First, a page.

Aerial view of homes near Raton Drive and Mescalero Trail in Henderson, Nevada on Saturday, February 16, 2019. (Michael Quine/Las Vegas Review-Journal) @Vegas88s
The clubhouse area under construction at the 365-unit Elysian apartment complex on the southeast corner of Flamingo Road and Hualapai Way in Las Vegas Friday, April 27, 2018. K.M. Cannon Las Vegas Review-Journal @KMCannonPhoto
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Nevada lawmakers passed several housing-related bills in the recently concluded legislative session, affecting construction defect claims, affordable housing development, and evictions.
Here’s a look at some key new laws.
Four years after Republican lawmakers raised barriers to pursuing lawsuits alleging shoddy construction, the Democratic-controlled Legislature this year made it easier.
Assembly Bill 421, which takes effect Oct. 1, lets homeowners report supposed construction defects in “reasonable” detail when submitting a notice to a builder or contractor, versus in “specific” detail with “exact” locations as required by prior law.
Among other changes, homeowners also have up to 10 years to pursue a claim after the work in question was finished, up from six years under prior law.
Backed by attorneys, the measure rolled back provisions of the homebuilder-supported law from 2015, which cracked down on construction defect litigation a decade after Las Vegas’ wild building spree.
Ardea Canepa-Rotoli, a board member at the Nevada Justice Association, a lobbying group for lawyers, said last month that the 2015 law “restrained” homeowners’ rights.
Construction defect litigation is “significantly down” in Nevada, but “it’s not because magically there’s no more defects,” she said.
Lobbyist Nat Hodgson, chief executive of the Southern Nevada Home Builders Association, said Friday the bill’s final version “turned out a lot better” than its initial one. According to Hodgson, the measure was introduced as a “full repeal” of the 2015 law.
He said the biggest issue is the 10-year window for submitting construction defect claims, contending the extended deadline will raise builders’ insurance costs.
Lawmakers gave the affordable housing market a boost with incentives that could help spark more projects for low-income Nevadans.
Senate Bill 103, which takes effect July 1, authorizes local governments to reduce certain fees for affordable housing projects. Senate Bill 448, which fully kicks in Jan. 1, lets the state issue $10 million in transferable tax credits annually for four years to help finance new projects.
According to the National Low Income Housing Coalition, Nevada has a shortage more than 73,000 affordable and available rental homes for “extremely low income” tenants.
In Nevada, most money for affordable housing projects comes from the federal government, and SB 448 creates the first new source of state funds for such projects since the early 1990s, said Eric Novak, founder of Reno-based Praxis Consulting Group.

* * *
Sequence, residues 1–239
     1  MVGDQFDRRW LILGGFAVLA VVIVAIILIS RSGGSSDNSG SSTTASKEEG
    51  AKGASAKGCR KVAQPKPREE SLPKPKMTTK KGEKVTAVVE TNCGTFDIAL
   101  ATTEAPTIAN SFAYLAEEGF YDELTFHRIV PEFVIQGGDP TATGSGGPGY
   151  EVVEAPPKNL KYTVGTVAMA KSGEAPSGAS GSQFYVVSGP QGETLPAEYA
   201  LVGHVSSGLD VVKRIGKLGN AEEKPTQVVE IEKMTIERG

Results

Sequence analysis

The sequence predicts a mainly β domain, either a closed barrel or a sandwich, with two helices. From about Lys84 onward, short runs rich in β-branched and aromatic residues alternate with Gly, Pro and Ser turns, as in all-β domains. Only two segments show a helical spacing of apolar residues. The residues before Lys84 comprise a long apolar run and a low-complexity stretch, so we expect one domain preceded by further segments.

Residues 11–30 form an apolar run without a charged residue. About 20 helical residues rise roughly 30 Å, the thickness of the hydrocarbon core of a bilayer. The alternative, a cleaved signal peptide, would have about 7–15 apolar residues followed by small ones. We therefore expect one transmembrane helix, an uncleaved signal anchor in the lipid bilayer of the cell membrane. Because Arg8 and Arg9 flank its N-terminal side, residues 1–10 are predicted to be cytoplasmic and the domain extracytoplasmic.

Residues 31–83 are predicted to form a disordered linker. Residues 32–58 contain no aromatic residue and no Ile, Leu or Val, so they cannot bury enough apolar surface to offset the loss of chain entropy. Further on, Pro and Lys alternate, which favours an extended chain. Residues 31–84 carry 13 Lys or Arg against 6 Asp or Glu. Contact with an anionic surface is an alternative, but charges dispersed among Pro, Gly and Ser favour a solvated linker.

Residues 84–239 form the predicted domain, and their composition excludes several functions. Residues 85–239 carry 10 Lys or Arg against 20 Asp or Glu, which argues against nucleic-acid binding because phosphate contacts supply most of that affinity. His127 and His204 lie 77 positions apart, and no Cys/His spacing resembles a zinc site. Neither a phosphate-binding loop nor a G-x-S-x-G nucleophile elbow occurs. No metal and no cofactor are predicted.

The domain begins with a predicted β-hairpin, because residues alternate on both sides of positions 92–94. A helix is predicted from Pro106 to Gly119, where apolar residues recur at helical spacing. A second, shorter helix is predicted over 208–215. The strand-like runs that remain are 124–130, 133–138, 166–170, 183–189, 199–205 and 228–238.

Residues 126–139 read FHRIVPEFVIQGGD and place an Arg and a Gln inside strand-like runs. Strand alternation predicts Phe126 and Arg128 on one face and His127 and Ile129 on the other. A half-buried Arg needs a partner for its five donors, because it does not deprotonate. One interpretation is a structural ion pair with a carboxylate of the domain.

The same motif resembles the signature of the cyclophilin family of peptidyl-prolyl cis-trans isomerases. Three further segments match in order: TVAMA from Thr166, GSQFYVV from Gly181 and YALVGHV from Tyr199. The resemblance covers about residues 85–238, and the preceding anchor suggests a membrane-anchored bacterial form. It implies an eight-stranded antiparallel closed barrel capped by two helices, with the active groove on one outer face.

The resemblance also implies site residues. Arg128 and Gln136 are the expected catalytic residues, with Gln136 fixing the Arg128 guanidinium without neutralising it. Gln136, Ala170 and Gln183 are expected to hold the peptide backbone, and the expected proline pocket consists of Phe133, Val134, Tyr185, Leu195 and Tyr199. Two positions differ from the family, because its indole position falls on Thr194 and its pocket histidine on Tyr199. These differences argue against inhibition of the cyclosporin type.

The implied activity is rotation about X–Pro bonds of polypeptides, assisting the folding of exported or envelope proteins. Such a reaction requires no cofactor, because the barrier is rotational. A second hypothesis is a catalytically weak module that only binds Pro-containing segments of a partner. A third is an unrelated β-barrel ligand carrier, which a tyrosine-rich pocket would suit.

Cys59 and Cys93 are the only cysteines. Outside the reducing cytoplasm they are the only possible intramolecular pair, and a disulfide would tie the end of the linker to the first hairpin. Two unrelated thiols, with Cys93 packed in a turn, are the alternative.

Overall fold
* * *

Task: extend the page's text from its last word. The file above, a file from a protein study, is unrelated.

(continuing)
Developers build about 1,000 units of affordable housing statewide each year, and state officials estimate the tax credit will increase production by about 600 units, said Mike Shohet, chief real estate development officer at Las Vegas-based Nevada HAND, an affordable housing developer.
He said developers would sell the tax credits to investors and use the proceeds to help pay for projects.
Starting July 1, Senate Bill 151 will bolster protections for tenants by capping late fees at 5 percent of their regular rent and requiring more time to pass before a landlord can evict them for falling behind on their payments.
The law also gives tenants more time to thwart an impending eviction by paying their landlord up to seven business days after they were served an overdue-rent notice, compared to a maximum of five business days under previous law.
An eviction notice “requires you to stop everything you’re doing to try to navigate this emergency,” said Bailey Bortolin, policy director with the Nevada Coalition of Legal Service Providers. “This new time frame will make sure the tenant has a weekend in there to figure out what their next step is.”
Landlords will also be required to allow an evicted tenant to retrieve essential belongings, like medication, for five days after they are locked out.
The measure faced heavy opposition from real estate organizations after portions of the dead Senate Bill 256 were amended into it in the final days of the Legislature. Those provisions included the late-fee cap and the five-day window to retrieve belongings.
Nevada Realtors President Keith Lynam said he and his members felt “hoodwinked” to see the SB 256 provisions resurface after they had come to an agreement with lawmakers on SB 151.
He said in a statement that the new law “will harm tenants and property owners” throughout the state and discourage Nevadans “from renting out their homes.”
Contact Eli Segall at firstname.lastname@example.org or 702-383-0342. Follow @eli_segall on Twitter. Review-Journal staff writer Michael Scott Davidson contributed to this report.